With COVID lockdowns lifting throughout the country, I encourage those who are safely able to do so to seek solace in the great outdoors. Whether hiking in the mountains or lounging on the beach, the peaceful surroundings of nature can be powerful places for reflection and rejuvenation.
Among my favorite places for such rejuvenation are gardens. From formal botanical gardens to rambling nature preserves, I love to enjoy the amazing variety of flowers, trees, and plants, and to walk along the paths amid the chatter of birds and other wildlife.
I was recently delighted to discover a passage by the renowned physician and writer, Oliver Sacks, about the value of gardens (HT James Clear):
As a writer, I find gardens essential to the creative process; as a physician, I take my patients to gardens whenever possible. All of us have had the experience of wandering through a lush garden or a timeless desert, walking by a river or an ocean, or climbing a mountain and finding ourselves simultaneously calmed and reinvigorated, engaged in mind, refreshed in body and spirit. The importance of these physiological states on individual and community health is fundamental and wide-ranging. In forty years of medical practice, I have found only two types of non-pharmaceutical “therapy” to be vitally important for patients with chronic neurological diseases: music and gardens. (“Why We Need Gardens,” Everything in Its Place: First Loves and Last Tales)
During the recent lockdowns, I took particular comfort in my small patio garden. It has become my own tiny oasis to relax and recharge my batteries. I love creating unique combinations of succulents in various pots, training the bouganvilla on its trellis, and watching birds visit the burbling water fountain. And my patio has recently attracted a family of lizards who love to bask in the sun while I read.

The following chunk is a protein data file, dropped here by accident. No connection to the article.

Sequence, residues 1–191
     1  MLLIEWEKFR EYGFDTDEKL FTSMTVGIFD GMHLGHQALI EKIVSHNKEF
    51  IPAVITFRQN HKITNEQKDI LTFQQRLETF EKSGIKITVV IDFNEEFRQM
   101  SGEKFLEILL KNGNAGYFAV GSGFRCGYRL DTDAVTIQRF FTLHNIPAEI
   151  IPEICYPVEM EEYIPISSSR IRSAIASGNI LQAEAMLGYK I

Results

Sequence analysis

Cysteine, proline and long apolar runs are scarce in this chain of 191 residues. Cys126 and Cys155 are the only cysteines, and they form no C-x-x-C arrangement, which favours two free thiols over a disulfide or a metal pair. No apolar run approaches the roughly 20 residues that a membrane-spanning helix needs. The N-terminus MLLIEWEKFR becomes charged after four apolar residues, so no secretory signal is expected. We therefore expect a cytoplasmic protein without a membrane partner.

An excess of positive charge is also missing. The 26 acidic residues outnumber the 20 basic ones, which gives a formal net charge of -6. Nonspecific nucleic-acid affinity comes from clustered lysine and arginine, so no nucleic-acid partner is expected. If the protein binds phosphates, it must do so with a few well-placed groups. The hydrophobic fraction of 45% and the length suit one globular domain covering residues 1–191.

In these crazy times of stress and chaos, consider creating a beautiful garden refuge—or visiting one. Go for a walk in the woods or stroll along a stream. You may find yourself “simultaneously calmed and reinvigorated, engaged in mind, refreshed in body and spirit.”
Here are photos of some of my favorite gardens and outdoor environments I’m looking forward to visiting again soon:
The Huntington Library:
Yosemite National Park:
On Solid Ground is a community blog where we publish articles by guest contributors as well as by the staff and officers of OSI. The ideas offered by guest contributors are their own and do not necessarily reflect the ideas of the staff or officers of OSI. Likewise, the ideas offered by people employed by OSI are their own, and do not necessarily reflect those of others in the organization.
Because we’re still developing the (amazing!) program for LevelUp 2024 (Atlanta, June 19–22), we’ve extended early-bird savings to March 15. You and your friends can still save 50% on registration! Register now. Check out the roster and program here. If you’re aged...